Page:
SYLLABIC STRUCTURE OF ENGLISH WORDS
VALERIYA SEMKIV, student
ALLA M. KROKHMAL, Associate Professor, PhD in Education, Scientific Adviser
O. M. Beketov National University of Urban Economy in Kharkiv
Definition of a syllable
Syllable is a single unit of speech , either a whole word or one of the parts into which a word can be separated, usually containing a vowel.
The essential part of a syllable is a vowel sound (V) which may be preceded and/or followed by a consonant (C) or a cluster of consonants (CC or CCC). Some syllables consist of just one vowel sound (V) as in I and eye/ai/, owe/ə/. In English, a syllable can consist of a vowel preceded by one consonant (CV) as in pie/pai/, or by two consonants (CCV) as in try/trai/, or by three consonants (CCCV) as in spry/sprai/. The vowel of the syllable may also be followed by one consonant (VC) as in at/æt/, or by two consonants (VCC) as in its/its/, or by three consonants (CVCCC) as in text/tekst/or by four consonants (CVCCCC) as in texts/teksts/.
Analyze of a syllable
A syllable can have as many as three parts:
The onset and the coda are consonants, or consonant clusters, that appear at the beginning and in the end of the syllable respectively. The nucleus forms the core of the syllable; it is most often a vowel, or a combination of vowels - but there are exceptions to that. In the word “cat” for example, [c] is the syllable onset, [a] is the nucleus, and [t] the coda. A syllable does not necessarily have an onset or a coda, but a nucleus is always present. If a coda is present in a syllable, the nucleus and the coda form a single unit called a rhyme; otherwise the nucleus makes up the rhyme by itself. Looking at “cat” again, [at] forms the rhyme.
Even in English, syllable nuclei are not restricted to vowels. For example, in the monosyllabic word, “hmm”, the syllable nucleus is the nasal consonant [ṃ]. The small dot underneath the character ṃ indicates that the sound represented is a syllabic consonant, which is any consonant that forms a syllable nucleus. Vowels are not marked with the same diacritic because they are always considered to be syllabic.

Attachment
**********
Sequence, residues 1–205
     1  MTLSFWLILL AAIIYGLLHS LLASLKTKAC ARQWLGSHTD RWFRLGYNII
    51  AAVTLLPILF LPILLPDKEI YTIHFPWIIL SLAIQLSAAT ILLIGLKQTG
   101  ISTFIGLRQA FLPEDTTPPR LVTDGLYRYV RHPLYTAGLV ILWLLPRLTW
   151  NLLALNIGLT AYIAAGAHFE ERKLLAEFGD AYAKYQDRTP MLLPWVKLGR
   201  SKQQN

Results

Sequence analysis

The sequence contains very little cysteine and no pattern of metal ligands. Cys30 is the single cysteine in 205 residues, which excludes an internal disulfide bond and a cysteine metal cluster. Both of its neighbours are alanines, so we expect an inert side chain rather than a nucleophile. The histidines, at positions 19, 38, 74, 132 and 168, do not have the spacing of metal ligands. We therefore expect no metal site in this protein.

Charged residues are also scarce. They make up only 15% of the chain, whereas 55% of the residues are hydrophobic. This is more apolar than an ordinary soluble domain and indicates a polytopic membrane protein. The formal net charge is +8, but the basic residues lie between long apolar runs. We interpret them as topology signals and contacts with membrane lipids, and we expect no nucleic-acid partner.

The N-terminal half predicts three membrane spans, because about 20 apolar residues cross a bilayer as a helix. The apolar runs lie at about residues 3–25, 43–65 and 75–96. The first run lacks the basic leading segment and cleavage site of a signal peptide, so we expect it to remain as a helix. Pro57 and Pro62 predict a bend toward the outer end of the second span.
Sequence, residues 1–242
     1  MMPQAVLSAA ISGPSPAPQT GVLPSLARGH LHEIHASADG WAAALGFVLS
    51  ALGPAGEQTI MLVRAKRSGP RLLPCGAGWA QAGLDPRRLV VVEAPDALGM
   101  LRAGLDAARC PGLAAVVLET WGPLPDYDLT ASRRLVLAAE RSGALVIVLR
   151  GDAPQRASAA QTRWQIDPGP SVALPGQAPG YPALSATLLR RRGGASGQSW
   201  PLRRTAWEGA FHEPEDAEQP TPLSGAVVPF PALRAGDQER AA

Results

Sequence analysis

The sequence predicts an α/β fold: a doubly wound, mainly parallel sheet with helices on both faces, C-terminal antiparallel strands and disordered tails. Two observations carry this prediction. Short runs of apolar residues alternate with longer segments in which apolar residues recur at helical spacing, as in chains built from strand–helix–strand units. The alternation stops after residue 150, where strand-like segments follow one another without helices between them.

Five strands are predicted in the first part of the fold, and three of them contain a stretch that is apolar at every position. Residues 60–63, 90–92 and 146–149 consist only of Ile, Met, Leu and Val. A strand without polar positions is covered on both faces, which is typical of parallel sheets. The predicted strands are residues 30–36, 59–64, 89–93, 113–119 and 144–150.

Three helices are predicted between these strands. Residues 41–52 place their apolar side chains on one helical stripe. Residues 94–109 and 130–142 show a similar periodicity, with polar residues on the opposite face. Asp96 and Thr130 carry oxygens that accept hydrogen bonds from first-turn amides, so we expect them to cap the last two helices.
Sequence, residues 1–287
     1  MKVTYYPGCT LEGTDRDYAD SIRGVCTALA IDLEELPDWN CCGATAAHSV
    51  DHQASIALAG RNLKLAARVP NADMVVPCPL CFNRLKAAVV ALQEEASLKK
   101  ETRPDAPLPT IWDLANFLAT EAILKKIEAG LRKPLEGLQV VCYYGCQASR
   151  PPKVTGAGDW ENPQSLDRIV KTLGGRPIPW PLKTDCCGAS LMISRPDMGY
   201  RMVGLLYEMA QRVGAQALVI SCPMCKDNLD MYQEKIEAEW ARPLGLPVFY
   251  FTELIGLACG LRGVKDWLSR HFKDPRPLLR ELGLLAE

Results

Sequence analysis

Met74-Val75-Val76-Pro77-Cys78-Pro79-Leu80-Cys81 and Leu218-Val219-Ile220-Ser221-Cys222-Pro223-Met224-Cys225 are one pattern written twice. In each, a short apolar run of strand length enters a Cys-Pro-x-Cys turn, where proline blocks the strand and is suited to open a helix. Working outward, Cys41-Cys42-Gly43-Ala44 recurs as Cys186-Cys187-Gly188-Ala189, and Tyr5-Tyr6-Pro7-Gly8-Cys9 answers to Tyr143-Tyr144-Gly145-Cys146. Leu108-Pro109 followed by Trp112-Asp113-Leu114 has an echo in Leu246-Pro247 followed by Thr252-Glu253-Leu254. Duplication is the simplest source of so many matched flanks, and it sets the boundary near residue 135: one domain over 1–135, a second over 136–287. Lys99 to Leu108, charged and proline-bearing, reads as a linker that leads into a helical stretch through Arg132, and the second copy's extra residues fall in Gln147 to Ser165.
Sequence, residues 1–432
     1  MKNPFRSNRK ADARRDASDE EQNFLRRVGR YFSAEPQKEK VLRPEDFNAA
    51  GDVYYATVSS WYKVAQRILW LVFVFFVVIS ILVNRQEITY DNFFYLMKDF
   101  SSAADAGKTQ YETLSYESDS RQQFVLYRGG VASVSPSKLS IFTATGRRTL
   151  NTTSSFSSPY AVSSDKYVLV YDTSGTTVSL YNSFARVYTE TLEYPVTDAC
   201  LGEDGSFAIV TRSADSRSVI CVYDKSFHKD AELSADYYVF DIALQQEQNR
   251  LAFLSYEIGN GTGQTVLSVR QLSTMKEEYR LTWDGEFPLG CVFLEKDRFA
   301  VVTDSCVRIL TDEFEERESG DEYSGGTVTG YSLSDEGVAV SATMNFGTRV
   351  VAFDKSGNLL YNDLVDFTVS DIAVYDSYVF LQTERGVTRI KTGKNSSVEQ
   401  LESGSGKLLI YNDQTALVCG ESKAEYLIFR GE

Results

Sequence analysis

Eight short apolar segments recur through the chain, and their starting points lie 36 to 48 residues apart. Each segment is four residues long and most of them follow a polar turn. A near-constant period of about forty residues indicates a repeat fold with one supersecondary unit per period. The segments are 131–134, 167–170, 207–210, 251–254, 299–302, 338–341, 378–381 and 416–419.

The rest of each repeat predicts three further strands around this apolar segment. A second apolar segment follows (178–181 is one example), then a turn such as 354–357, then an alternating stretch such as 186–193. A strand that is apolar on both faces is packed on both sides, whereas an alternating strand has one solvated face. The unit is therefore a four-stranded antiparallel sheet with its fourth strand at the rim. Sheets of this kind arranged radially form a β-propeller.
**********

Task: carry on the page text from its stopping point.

The syllable can be analyzed from 1. the acoustic point of view 2. the auditory point of view 3. the articulatory point of view 4. the functional point of view
Acoustic analysis of syllables made it possible to formulate some rules of syllable division.
Auditorily the syllable is the smallest unit of perception: the listener identifies the whole of the syllable and only after that the sounds it consists of.
The articulatory energy which constitutes the syllable results from the combined action of the power, vibrator, resonator and obstructor mechanisms.
Phonologically the syllable is regarded and defined in terms of its structural and functional properties.
Every syllable has its structure, or form, depending on the kind of speech sounds it ends in. From this point of view there are two types of syllables:
OPEN –if it ends in a vowel sound: he, they.
CLOSED – if it ends in a consonant sound: it, hun-dred, man.
There is however another approach to classification of syllables, it’s based on the principle of what sound the syllable begins and ends with:
FULLY OPEN – it consists of one vowel sound: ore. (V)
FULLY CLOSED – has a vowel between consonants: bit, left, space.
(CVC, CVCC, CCVC)
COVERED AT THE BEGINNING – one consonant or a sequence of consonants precede a vowel: too, spy, straw. (CV, CCV, CCCV)
COVERED AT THE END – is completed by one or more consonants: on, act, acts. (VC, VCC, VCCC)
Stressed, unstressed syllables